Lost at Sea, or How to Make Plot More Exciting

Surfing at Sumner Beach, NZ

I don’t know about you, but I like to avoid being uncomfortable.  I like being in control of everything.  So when my New Zealand roomies suggested that we go surfing a few Christmases ago, I could think of all kinds of reasons to stay out of the water.  What’s that you say? Sharks and jellyfish and undertows? To say “oh my” would be an enormous under statement.  But when I watched them out there, skimming along the sun-dappled waves, I felt a tug of curiosity that led me to a board rental truck.  Before I knew it, I was floating in the icy water with a board attached to my foot and feeling a little bit like a package of shrink-wrapped fish in those briny wet suits surfers wear.

Paddling out into the waters was fun; the moment when I turned my board around and felt the swell of waves rush up underneath me was scary.  Blinking back the burning salt water, I rushed towards the beach face-first.  There was still the matter of standing up.  Shakily, I attempted to pop up onto the board like everyone else, but instead slipped under the waves.  For a few seconds, I was tugged side to side as I clawed my way back to the surface, the leafy hills and colourful houses shrunken and far away.

I was thinking about this moment the other day when I found out something that made me realize I’m not always going to be in control.  It wasn’t a horrible moment.  Nobody is dying here.  But it was a moment of discomfort. Because everything eventually circles back around to writing for me, I began to think of something that I have been starting to realize: writing a story can be uncomfortable in a similar way.  To make readers feel the excitement as if it is really happening to them, we have to feel it first when we are writing.  This doesn’t always happen when we “begin with the end in mind.” Instead, we have to focus on getting lost in our writing—drifting towards ideas we didn’t plan.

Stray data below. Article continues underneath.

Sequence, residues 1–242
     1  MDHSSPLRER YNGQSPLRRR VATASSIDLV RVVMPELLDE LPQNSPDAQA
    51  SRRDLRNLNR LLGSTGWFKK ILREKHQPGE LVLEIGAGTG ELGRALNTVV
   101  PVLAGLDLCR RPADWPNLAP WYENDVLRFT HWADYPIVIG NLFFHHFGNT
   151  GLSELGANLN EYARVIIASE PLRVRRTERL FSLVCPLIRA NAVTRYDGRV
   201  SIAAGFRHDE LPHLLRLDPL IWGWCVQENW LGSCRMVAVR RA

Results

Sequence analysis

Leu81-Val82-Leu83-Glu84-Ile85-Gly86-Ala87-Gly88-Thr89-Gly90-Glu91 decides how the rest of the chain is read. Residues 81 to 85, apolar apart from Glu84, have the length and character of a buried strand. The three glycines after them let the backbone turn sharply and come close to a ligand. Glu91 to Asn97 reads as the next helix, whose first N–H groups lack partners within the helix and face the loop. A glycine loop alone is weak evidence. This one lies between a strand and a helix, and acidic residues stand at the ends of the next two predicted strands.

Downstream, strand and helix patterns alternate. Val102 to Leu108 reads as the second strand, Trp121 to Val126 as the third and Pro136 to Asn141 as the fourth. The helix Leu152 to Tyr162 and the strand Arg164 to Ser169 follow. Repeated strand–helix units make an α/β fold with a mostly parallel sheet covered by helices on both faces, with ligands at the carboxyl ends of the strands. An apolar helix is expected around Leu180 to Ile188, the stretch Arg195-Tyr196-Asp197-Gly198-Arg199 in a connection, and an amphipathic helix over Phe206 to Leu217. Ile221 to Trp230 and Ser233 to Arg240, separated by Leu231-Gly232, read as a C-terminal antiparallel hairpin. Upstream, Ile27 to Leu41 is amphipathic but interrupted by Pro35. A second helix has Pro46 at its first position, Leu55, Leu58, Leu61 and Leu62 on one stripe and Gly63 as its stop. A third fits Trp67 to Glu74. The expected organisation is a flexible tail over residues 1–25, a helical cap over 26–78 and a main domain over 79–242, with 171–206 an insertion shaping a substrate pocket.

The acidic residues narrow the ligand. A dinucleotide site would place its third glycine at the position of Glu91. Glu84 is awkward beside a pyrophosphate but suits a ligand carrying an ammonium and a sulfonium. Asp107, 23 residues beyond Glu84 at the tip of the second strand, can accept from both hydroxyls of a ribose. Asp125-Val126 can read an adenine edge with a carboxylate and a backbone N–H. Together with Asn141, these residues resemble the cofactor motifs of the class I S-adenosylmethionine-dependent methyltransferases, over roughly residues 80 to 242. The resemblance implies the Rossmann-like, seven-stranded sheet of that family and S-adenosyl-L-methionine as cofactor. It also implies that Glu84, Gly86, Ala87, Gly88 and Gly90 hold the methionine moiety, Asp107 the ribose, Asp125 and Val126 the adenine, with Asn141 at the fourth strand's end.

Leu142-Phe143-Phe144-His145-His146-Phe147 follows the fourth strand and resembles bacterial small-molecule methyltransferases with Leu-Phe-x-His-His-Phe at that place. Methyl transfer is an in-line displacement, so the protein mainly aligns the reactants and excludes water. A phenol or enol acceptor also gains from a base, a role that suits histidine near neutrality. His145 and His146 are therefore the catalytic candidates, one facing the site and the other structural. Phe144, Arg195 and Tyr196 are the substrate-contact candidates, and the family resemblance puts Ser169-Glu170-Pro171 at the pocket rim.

Like washing ashore after a bout of being trapped underwater, when you reach that moment where you land on an exciting plot twist it feels like warm sunshine, sand and a cool breath of fresh air.  Yes, it is scary not to know where you are going, but it makes for some damn good suspense, doesn’t it?  It’s okay to be uncomfortable.  It’s just the way life—and writing—happens.  But it’s not so bad.  Let yourself get swept off in the drift and see where it takes you.  I can’t promise you won’t get swept under the waves, but I guarantee it will be one wild ride.